For "neighbor," the person near, only one requirement of selfless devotion is required: "as you already love yourself," doing everything necessary for his temporal and spiritual welfare, expecting nothing in return.
This love is always an attitude, not just a feeling or emotion.
"That is the right answer." Jesus implies that the lawyer has not been doing this.
Does the Scripture really say that a person would gain eternal life? Yes. Look at Leviticus 18:5; Romans 10:5; Galatians 3:12. But Scripture also says that a person can't do this. Look at Romans 3:20; 7:7-12 and 18; Galatians 3:10-11. Jesus had not fooled this man.
Walther in Law and Gospel, page 10: The Lord, on this occasion, testified that, if salvation is to come by way of the Law, only he who fulfills the Law can obtain it. By the way, we are not to think that to those who do the will of God, salvation must come as a reward of their merit. By no means; their salvation, too, would be owing to the goodness of God.
Why? Because to love the Lord with one's who heart, soul, strength, and mind means to believe in Him as a gracious, saving God in Christ Jesus.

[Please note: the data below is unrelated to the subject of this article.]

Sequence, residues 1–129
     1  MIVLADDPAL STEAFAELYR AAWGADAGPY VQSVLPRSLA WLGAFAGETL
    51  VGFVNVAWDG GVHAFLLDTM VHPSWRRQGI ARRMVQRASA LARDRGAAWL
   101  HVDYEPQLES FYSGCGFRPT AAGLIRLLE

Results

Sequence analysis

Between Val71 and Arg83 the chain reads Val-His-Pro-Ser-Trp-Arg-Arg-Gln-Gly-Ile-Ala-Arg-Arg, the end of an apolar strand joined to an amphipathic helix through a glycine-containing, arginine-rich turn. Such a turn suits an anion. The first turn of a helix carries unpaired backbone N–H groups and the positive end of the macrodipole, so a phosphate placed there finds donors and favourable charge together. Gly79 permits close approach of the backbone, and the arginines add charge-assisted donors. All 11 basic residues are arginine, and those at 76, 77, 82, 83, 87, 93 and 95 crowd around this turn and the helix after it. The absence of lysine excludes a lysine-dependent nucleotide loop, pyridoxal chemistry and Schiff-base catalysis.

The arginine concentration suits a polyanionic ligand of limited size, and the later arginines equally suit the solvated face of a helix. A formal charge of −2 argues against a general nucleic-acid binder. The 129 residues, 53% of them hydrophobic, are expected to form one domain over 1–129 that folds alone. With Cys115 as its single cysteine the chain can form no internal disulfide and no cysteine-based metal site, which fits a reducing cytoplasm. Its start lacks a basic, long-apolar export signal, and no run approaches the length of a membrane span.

"But" he was not expecting such a simple answer. He wanted to be his own judge and to absolve himself.
Bengel: He invents for himself a righteousness easy of attainment.
Lenski: He wanted to justify himself for asking his original question that he joins his new question to the other.
His desire to justify himself betrays his ignorance about Leviticus 19:8 to say nothing about Deuteronomy 6:5.
First he has asked: "By doing what?" That reveals his work-righteous attitude. Now he asks "Who?" which proves that he had an elastic, limited meaning for "neighbor," which betrays the fact that Judaism considered only Jews, and the well-to-do at that, as neighbors, certainly not Gentiles, and CERTAINLY not Samaritans.